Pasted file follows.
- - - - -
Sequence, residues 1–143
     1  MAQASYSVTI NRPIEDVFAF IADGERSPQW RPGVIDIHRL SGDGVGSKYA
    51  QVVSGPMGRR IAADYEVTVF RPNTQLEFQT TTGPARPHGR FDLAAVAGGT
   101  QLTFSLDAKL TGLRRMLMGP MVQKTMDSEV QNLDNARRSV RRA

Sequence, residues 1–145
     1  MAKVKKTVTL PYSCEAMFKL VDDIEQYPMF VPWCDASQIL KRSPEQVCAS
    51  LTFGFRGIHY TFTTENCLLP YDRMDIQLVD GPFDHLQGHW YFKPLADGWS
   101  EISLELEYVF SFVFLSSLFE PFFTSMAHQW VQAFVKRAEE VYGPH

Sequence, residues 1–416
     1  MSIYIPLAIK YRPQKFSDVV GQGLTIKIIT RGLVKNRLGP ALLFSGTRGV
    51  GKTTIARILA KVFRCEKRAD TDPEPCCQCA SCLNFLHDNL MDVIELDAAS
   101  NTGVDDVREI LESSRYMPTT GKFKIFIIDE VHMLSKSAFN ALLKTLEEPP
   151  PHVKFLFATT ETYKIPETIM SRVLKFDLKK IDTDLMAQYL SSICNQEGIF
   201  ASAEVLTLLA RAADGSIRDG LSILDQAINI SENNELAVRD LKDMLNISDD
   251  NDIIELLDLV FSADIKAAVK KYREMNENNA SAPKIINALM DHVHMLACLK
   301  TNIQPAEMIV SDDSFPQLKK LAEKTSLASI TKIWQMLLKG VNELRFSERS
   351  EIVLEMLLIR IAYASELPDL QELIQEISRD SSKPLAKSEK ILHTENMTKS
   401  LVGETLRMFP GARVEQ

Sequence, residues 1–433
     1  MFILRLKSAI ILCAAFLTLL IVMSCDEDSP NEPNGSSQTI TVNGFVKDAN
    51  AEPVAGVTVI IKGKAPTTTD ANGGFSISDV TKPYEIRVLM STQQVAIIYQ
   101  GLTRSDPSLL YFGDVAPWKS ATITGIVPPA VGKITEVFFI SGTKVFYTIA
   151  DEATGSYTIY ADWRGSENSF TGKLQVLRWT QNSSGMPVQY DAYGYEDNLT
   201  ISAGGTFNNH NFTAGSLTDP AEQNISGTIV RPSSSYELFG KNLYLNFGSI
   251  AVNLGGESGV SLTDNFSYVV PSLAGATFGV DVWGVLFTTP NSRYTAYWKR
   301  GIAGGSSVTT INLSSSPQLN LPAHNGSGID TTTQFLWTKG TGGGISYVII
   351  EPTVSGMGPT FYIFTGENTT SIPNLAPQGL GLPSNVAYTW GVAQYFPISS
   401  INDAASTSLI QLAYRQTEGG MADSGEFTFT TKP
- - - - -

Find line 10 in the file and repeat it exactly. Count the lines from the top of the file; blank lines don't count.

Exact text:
     1  MSIYIPLAIK YRPQKFSDVV GQGLTIKIIT RGLVKNRLGP ALLFSGTRGV